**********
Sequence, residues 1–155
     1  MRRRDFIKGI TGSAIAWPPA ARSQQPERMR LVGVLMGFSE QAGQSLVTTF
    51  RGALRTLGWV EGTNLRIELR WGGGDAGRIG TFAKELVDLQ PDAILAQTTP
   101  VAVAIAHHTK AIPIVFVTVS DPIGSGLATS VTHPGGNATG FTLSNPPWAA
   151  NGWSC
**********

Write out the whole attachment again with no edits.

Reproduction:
Sequence, residues 1–155
     1  MRRRDFIKGI TGSAIAWPPA ARSQQPERMR LVGVLMGFSE QAGQSLVTTF
    51  RGALRTLGWV EGTNLRIELR WGGGDAGRIG TFAKELVDLQ PDAILAQTTP
   101  VAVAIAHHTK AIPIVFVTVS DPIGSGLATS VTHPGGNATG FTLSNPPWAA
   151  NGWSC